But combine popular support for restricting hate speech with ardent Zionism, and you have a recipe for categorically equating anti-Zionism with anti-Semitism and restricting anti-Zionist protests in order to protect Jewish students from “harassment” and “intimidation.”

But the story isn’t about “ardent” Zionists on the march. The issue is about Jewish students who are the targets of repeated displays of anti-Semitism. That may be protected speech, but to paint the young Jews here as the true threat turns the case upside-down. And since violence was deployed against a Jewish counter-protester, isn’t Kaminer at all concerned that the Jewish groups’ free speech rights are at risk? Also, Kaminer never explains why “ardent” Zionism is a potent ingredient in the threat to free speech. And what makes Zionism “ardent”–bringing a law suit after being physically assaulted for being Jewish? Kaminer continues:

Still the U.C. fact finders’ recommendations are worth noting: They recommend vigorous regulations of political speech, partly to deter “bigoted harassment,” yet their fact finding mission apparently uncovered no instances of serious harassment or intimidation: “No students indicated feeling physically unsafe on U.C. campuses,” they report. I guess they didn’t interview the students whose complaint sparked the current Department of Education investigation, for whom vitriolic anti-Zionist protests were the equivalent of Nazi propaganda, threatening incitement of violence against Jews, if not another Holocaust.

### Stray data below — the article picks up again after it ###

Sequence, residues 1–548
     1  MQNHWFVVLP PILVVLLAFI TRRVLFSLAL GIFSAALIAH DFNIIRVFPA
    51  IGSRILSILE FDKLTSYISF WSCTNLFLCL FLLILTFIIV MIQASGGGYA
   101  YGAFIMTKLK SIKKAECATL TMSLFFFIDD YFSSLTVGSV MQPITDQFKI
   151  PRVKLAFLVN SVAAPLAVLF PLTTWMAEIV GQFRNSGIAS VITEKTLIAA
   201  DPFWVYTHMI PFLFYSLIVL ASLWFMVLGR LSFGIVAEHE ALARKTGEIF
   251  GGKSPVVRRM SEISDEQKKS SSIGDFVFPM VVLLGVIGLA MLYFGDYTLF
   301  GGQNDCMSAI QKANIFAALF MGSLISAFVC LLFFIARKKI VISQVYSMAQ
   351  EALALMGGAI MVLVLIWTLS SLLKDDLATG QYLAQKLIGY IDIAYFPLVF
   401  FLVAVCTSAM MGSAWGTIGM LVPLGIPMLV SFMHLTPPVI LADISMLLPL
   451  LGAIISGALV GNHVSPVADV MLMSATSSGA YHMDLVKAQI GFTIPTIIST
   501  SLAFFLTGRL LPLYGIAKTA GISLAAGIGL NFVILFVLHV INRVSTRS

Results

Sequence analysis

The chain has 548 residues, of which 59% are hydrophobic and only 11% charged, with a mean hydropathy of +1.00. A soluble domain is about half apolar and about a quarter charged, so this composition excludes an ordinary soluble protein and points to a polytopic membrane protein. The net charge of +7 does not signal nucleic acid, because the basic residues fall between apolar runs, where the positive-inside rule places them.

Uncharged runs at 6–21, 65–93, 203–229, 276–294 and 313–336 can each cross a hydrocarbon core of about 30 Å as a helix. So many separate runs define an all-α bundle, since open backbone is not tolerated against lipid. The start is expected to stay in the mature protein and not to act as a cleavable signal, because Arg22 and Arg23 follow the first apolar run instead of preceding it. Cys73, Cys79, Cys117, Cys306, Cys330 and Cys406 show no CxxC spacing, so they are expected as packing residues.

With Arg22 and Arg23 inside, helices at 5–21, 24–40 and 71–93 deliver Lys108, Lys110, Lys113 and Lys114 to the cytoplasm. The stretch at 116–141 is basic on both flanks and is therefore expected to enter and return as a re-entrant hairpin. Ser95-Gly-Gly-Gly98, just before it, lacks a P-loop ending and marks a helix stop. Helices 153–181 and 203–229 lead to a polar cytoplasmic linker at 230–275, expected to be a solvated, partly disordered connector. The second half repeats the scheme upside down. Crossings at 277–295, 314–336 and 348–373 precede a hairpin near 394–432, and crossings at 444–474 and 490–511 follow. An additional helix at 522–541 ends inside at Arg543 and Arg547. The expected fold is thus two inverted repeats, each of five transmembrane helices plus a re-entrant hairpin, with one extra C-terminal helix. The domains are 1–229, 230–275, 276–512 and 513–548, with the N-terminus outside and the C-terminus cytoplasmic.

Put aside the absurdity of regarding Jews in post 9/11 America, who’ve been embraced by right wing Christian Zionists, as more at risk than Muslims.

First of all, Kaminer must be kidding about the supposed invulnerability of Jews compared to Muslims. As the FBI has made clear, Jews are far more often the targets of hate crimes than Muslims are. That doesn’t mean Muslims aren’t also at risk, but they are, statistically, at far less risk than Jews.

More importantly, Kaminer is misleading her audience about that fact-finding task force and the complaints of the students. UC’s Jewish students claim a double standard: they believe that free speech rights have been granted to only some groups, or some criticisms. The students also said that the university has been less than accommodating when it comes to the religious needs and observance of its Orthodox students. Thus, there is an issue of religious freedom here as well.

Additionally, the Jewish students raised an objection to what they see as a consistent use of university resources and university-sponsored offices or activities that promote bigotry against Jews. That’s not about nasty students, but an institutional bias against Jews. And finally, Jewish UC students feel they’ve been excluded from working for campus groups specifically because of their views on Israel or religious affiliation.